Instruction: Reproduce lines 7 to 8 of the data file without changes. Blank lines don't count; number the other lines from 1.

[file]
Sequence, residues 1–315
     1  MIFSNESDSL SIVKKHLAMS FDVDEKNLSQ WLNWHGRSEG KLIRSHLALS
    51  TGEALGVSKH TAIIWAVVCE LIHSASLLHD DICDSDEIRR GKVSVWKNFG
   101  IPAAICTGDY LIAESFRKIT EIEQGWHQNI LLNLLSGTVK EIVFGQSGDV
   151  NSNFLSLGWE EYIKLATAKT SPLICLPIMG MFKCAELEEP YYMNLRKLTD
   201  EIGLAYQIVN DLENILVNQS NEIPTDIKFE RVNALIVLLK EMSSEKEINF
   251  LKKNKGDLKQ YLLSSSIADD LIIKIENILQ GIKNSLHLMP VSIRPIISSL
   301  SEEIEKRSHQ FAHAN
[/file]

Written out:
   251  LKKNKGDLKQ YLLSSSIADD LIIKIENILQ GIKNSLHLMP VSIRPIISSL
   301  SEEIEKRSHQ FAHAN